Improving value of clinical research - an evidence-based approach

Niederhäusern, Belinda von. Improving value of clinical research - an evidence-based approach. 2017, Doctoral Thesis, University of Basel, Faculty of Medicine.

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Official URL: http://edoc.unibas.ch/diss/DissB_12438

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Evidence suggests that 85% of biomedical research spending, i.e. 200 billion US dollars every year, goes to waste. In 2014, The Lancet published a series of five reviews showing how dividends from the investment in research might be increased at five stages - from the relevance and priorities of the questions being asked, to how the research is designed, conducted, and reported. Value and waste have since then become buzzwords in the academic as well as public debate surrounding health research. Although academic institutions are the major driving force of patient-oriented clinical research receiving large proportions of public funding they have been slow responders to the Series’ recommendations. Some of the identified underlying reasons include a lack of a common understanding of “value” as a concept and sparse practical guidance for academia on how to improve it. This work represents the first effort to formulate an academic response to The Lancet series on increasing value in clinical research by investigating the two distinct concepts in the equation: “Quality” and “cost”.
In a first step, we systematically reviewed existing quality concepts, both in the medical literature and across international clinical research stakeholder groups. Precise definitions of quality were sparse, and stakeholder perspectives of crucial components of quality varied. Based on these findings, we then engaged international stakeholder representatives in the creation of a comprehensive, consensus-based framework for the quality of clinical research that is applicable to all study types and spans the entire lifecycle of a clinical study, i.e. from conceptualization of the research question to dissemination of study results. Primarily, it is designed to be operationalized in the academic setting and fully supports the REWARD Statement. This framework builds the foundation for a common understanding of the concept of “quality” and its practical assessment. At Swiss national level, the framework has triggered all stakeholders to convene in a first symposium on how to increase value of academic clinical research and serves as an agenda for future research on research.
In a second step, we systematically reviewed the current evidence on the costs and associated resource use of Randomized Controlled Trials (RCTs), which we found to be sparse. Based on this, we laid the foundation for future study cost assessments in academia by (i) developing a comprehensive list of items for the retrospective and prospective assessment of costs, and (ii) generating first empirical evidence on main cost drivers in a case report on two academic RCTs. Although these two RCTs were conducted in very different settings and resulted in vastly different costs, the main drivers, i.e. personnel costs during conduct phase, were the same. In addition, we investigated the added value of two innovative aspects that affect both study quality and cost, i.e. risk-based trial monitoring and remote data collection. We show that both concepts may increase the cost-effectiveness of trial conduct and thereby increase value, but only if the methodology is further investigated and then, rigorously implemented.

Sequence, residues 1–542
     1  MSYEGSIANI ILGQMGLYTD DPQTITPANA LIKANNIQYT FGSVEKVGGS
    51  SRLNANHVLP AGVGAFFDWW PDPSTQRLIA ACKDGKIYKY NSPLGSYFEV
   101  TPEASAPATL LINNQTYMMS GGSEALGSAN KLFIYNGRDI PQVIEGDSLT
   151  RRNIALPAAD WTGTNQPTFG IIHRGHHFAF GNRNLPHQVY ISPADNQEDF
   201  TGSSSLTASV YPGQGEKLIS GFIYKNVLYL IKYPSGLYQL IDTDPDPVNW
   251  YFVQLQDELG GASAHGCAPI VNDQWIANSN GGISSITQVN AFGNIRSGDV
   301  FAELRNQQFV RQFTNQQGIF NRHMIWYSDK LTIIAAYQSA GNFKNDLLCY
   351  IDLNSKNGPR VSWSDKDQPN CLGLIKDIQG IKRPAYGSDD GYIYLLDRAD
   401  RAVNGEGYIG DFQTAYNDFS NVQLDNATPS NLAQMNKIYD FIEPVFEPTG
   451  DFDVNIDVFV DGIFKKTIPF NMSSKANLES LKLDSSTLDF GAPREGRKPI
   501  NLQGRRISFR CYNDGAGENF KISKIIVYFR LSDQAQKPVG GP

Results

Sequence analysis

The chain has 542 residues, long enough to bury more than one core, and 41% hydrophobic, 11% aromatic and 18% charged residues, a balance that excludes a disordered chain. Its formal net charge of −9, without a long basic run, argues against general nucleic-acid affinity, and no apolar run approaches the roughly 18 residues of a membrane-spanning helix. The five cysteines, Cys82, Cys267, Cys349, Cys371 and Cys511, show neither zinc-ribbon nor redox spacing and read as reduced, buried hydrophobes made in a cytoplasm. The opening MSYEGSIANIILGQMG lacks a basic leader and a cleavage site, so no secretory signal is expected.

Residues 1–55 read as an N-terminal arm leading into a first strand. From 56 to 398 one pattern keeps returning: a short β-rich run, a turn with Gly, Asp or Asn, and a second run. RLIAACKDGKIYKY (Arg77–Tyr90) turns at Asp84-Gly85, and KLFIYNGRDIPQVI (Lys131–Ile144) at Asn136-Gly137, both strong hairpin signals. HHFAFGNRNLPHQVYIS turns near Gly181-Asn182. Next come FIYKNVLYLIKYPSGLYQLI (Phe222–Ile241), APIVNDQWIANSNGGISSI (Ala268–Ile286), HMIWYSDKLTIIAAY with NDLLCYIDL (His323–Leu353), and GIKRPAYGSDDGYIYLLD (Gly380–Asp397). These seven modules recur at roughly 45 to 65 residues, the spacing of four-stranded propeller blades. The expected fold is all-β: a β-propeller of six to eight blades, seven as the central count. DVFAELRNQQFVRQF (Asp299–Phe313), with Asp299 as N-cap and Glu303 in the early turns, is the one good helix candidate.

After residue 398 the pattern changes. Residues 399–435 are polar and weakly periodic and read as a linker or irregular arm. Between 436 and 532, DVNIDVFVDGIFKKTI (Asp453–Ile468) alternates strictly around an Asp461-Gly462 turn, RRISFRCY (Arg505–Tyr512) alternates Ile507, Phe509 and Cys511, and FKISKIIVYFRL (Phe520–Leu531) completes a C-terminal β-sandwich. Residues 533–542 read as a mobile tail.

Although we did not take the initially envisioned cost-consequence approach, we have certainly created awareness on value and waste in the academic context and engaged the major stakeholders in fundamental discussions on how to improve the current situation. In the future, the costs occurred need to inform quality assessments of clinical studies in order to create a tool that creates “value”, rather than sole quality conformity. Furthermore, the willingness-to-pay of academic decision makers in resource-constrained settings will weigh into the value equation and needs further investigation in the future. The impact of this work - and whether it eventually increases value in the system - now critically depends on its rigorous implementation, evaluation, and refinement.
Advisors:Pauli-Magnus, Christiane and Briel, Matthias and Schwenkglenks, Matthias
Faculties and Departments:03 Faculty of Medicine > Departement Klinische Forschung > Clinical Trial Unit > Clinical Trial Unit (Pauli-Magnus)
UniBasel Contributors:Pauli-Magnus, Christiane and Briel, Matthias and Schwenkglenks, Matthias
Item Type:Thesis
Thesis Subtype:Doctoral Thesis
Thesis no:12438
Thesis status:Complete
Bibsysno:Link to catalogue
Number of Pages:1 Online-Ressource (217 Seiten)
Identification Number:
Last Modified:05 Apr 2018 17:36
Deposited On:19 Jan 2018 13:42

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